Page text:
Remarks by Maurice Juma, Director General, Public Procurement Regulatory Authority during the PPRA’s new brand identity  and strategic plan launch on July 16, 2019 at Movenpick Hotel Nairobi

Good morning. I would like to begin by thanking all of you for joining us today as we open a new chapter on a very key component of service delivery to Kenyans.

Public procurement forms a critical facet of Kenya’s financial management system. This system has undergone reforms that are aimed at enhancing efficiency of utilization of public resources; ensuring fiscal stability, which is key to creating an enabling environment for private sector led growth; and strengthens governance and transparency in the management of public finances.

One of the key achievements of the public financial management reforms was the enactment of the Public Procurement and Disposal Act (PPADA), 2005 which became operational on January 1st 2007 with the gazettement of the Public Procurement and Disposal Regulations in 2006.

The Act inter alia established a semi-autonomous oversight body, Public Procurement Oversight Authority (PPOA), Public Procurement Oversight Advisory Board (PPOAB) and Public Procurement Administrative Review Board (PPARB).

On January 7, 2016, a new law governing procurement and assets disposal by public entities in Kenya, known as the Public Procurement and Asset Disposal Act, No. 33 of 2015 (the “Act”) came into force.

This Act repealed the Public Procurement and Disposal Act, 2005 which was one of the laws governing public procurement in Kenya. In addition, the Act established an Authority known as the Public Procurement Regulatory Authority (PPRA), which was previously known as the Public Procurement Oversight Authority (PPOA).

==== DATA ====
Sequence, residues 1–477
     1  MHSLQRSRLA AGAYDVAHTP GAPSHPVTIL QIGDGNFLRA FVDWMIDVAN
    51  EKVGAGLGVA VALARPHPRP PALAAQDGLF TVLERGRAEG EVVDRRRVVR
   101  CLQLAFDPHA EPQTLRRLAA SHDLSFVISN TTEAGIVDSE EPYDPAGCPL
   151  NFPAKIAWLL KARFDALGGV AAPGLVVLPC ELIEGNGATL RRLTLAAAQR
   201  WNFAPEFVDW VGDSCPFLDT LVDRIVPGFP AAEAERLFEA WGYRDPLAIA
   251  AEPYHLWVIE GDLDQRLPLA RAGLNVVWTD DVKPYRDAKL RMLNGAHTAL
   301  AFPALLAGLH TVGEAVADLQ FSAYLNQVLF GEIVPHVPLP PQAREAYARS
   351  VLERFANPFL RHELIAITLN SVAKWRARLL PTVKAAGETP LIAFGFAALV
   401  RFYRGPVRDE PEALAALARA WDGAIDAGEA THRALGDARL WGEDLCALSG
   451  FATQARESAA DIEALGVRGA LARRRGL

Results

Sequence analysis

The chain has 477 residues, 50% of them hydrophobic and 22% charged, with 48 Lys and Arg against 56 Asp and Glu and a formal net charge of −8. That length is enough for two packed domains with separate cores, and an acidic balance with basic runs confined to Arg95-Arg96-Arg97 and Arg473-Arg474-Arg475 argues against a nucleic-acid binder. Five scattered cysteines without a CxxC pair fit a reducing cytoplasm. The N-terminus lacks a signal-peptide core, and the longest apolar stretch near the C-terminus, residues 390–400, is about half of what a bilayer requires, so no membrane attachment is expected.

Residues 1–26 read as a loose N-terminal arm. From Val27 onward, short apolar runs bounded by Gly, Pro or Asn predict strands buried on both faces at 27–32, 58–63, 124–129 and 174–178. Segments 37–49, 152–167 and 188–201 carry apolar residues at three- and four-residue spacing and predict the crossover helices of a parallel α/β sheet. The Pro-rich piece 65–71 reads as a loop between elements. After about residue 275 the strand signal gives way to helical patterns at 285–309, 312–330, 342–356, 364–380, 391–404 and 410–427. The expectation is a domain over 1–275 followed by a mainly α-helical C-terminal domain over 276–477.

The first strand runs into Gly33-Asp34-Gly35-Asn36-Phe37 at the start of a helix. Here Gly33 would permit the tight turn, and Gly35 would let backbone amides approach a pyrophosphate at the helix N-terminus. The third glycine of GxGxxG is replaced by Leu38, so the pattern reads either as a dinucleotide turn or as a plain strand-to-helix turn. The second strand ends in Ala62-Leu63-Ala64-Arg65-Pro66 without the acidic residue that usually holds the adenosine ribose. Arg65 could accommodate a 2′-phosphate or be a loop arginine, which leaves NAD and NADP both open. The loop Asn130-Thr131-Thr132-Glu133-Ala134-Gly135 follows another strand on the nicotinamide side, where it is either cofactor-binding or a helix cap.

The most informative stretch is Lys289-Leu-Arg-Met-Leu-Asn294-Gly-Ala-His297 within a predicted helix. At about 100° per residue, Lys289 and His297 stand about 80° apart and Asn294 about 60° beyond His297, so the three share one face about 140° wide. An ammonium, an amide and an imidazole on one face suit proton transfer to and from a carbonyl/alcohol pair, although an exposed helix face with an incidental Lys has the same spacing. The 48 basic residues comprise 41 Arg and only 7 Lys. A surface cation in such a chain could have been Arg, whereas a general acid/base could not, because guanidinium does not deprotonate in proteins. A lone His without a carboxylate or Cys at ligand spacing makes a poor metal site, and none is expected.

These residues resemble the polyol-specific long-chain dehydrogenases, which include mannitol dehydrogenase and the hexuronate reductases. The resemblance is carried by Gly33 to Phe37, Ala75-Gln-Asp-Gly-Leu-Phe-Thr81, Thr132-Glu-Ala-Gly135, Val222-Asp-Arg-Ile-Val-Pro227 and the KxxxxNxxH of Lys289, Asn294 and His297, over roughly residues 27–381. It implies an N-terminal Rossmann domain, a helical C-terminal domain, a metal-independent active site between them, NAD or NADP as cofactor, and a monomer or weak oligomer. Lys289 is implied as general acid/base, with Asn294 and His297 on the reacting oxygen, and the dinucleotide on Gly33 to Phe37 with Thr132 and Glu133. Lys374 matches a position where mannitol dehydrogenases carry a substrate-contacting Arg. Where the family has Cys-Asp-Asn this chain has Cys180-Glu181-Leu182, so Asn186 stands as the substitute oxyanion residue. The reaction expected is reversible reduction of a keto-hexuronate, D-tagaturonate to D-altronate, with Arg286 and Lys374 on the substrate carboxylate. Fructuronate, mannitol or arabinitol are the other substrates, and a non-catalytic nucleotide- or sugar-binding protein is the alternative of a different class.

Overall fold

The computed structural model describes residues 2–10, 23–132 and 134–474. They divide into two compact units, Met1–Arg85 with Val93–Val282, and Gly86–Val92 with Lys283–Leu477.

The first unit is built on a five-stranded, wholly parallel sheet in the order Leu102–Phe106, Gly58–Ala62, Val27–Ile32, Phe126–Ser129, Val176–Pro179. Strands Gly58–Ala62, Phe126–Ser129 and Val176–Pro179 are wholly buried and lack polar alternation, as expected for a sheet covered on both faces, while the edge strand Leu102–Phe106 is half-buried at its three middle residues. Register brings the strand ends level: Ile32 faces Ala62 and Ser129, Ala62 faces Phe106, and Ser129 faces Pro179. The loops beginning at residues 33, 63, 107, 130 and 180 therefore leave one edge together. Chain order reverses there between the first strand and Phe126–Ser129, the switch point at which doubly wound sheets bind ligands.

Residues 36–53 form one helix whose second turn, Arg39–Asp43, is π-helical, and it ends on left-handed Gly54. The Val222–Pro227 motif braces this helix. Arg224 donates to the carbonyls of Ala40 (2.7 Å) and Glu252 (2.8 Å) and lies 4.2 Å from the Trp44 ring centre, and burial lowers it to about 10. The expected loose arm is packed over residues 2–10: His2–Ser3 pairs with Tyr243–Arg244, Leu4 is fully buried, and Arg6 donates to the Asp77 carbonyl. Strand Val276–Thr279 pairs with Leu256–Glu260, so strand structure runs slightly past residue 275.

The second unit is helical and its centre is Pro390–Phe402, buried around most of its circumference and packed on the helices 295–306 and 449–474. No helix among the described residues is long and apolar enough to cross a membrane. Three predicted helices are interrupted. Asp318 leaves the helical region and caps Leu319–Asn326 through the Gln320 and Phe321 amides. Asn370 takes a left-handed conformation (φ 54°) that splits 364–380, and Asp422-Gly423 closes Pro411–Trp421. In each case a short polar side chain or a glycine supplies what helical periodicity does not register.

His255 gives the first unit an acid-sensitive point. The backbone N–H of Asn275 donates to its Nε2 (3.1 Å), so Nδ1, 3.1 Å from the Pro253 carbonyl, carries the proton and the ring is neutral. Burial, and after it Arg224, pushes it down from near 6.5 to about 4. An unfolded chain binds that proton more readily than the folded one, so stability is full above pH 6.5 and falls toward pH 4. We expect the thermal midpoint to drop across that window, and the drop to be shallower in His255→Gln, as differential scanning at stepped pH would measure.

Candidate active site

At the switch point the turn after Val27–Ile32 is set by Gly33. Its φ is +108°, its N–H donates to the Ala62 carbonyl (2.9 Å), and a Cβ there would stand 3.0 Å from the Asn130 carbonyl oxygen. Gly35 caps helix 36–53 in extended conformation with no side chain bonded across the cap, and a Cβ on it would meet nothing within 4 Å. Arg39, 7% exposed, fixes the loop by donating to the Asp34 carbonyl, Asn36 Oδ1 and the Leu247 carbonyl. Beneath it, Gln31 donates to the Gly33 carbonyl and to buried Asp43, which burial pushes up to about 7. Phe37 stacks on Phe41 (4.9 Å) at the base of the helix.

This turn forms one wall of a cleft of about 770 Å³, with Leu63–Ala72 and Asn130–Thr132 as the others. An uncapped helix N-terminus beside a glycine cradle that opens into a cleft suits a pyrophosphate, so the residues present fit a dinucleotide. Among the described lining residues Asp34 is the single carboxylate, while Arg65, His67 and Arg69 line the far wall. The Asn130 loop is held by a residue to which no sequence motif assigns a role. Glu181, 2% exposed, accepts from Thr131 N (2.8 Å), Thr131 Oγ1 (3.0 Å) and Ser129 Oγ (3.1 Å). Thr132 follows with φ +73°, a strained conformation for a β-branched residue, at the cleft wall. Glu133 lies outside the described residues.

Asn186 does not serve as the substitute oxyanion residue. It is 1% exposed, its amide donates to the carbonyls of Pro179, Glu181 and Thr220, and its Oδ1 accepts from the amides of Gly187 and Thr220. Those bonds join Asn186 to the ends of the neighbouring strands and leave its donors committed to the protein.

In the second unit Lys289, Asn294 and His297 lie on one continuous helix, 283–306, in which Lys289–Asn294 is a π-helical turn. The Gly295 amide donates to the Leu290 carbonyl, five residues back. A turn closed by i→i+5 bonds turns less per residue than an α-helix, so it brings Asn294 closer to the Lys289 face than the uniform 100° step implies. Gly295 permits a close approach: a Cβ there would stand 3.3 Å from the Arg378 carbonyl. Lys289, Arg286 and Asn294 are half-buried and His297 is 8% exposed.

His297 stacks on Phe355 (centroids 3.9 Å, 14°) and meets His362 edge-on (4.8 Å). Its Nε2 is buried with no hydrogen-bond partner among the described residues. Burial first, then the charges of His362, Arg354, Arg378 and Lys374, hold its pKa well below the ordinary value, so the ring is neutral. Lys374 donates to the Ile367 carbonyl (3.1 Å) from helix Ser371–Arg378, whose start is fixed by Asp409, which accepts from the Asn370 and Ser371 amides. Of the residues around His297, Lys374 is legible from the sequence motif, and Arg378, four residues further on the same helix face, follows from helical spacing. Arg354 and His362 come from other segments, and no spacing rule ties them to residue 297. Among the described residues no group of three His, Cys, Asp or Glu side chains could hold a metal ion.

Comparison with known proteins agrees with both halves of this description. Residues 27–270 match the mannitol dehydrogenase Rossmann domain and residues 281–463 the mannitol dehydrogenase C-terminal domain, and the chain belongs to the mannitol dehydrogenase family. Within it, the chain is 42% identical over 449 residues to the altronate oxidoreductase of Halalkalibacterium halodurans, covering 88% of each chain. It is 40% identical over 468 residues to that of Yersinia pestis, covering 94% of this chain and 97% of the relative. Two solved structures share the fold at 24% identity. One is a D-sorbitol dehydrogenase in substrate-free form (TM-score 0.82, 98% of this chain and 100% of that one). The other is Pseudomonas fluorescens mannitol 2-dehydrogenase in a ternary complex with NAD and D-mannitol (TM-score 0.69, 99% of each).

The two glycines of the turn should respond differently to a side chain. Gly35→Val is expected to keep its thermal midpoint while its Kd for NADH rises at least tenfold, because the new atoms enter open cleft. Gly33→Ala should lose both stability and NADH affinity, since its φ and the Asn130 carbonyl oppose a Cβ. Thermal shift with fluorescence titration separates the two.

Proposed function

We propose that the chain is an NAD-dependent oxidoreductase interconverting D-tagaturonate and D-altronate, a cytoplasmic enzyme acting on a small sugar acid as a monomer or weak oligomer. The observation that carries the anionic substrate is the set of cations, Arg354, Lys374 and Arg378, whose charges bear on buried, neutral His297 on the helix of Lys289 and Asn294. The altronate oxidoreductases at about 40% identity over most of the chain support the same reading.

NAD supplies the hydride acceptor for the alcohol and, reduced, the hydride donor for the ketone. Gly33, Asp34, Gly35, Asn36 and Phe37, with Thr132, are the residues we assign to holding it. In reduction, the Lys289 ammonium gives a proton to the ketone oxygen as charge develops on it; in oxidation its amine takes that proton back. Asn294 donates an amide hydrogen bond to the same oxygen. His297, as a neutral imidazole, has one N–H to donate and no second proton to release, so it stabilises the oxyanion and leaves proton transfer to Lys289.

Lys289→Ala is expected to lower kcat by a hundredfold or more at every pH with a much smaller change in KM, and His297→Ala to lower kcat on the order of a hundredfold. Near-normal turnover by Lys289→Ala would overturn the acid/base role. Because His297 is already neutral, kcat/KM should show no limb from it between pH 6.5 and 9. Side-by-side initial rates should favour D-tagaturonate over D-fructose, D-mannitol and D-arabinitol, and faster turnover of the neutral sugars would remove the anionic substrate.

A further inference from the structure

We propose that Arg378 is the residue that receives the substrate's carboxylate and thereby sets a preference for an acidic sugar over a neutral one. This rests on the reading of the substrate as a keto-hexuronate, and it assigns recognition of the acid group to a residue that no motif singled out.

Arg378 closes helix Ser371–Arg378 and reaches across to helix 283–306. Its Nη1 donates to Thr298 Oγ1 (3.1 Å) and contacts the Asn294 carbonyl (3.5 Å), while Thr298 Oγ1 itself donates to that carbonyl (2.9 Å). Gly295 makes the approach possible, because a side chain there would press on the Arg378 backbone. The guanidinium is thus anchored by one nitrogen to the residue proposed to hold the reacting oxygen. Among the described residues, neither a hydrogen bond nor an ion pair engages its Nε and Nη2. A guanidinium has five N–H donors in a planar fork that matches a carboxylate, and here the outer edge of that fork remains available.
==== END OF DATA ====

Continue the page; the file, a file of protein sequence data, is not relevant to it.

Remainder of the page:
Following the legal changes, PPRA undertook a rebranding exercise to develop a new brand supported by communications efforts to introduce and rollout the new brand. In particular, this was geared towards aligning the brand promise of the organization to the expectations of its internal and external stakeholders.

The transition from the Public Procurement Oversight Authority is a key milestone in the monitoring and management of public procurement systems in Kenya.

The Authority has therefore been in transition since 2016 when the current procurement and disposal law was enacted In the Strategic Plan that expired in 2018, the Authority managed to offer capacity building to 41,431 individuals from procuring entities, Small and Medium Enterprises and members of the preference and reservations target groups; carried out 380 procurement assessments, 39 contract audits and 52 procurement reviews, and on a quarterly basis issued the Average Market Price Index to guide procuring entities on applicable prices for common user items.

In an effort to devolve its services closer to the people, the Authority is in the process of operationalising regional offices across the country. In respect to this, offices for Coast, Western and North Rift regions have so far been operationalised and physically situated in Mombasa, Kisumu and Eldoret respectively.  On the same, PPRA has secured offices in Nakuru and Nyeri to cover South Rift and Central regions respectively.

In conclusion, I would like to appeal to procurement Entities and those who do business with the government to uphold integrity and always remember that the growth of Kenya’s economy and the realisation of the Big 4 Agenda can only be achieved through prudent and efficient use of Kenya’s resources.

It now gives me great pleasure to welcome the Chairman, Public Procurement and Regulatory Board, to address us.

Maurice Juma

Director General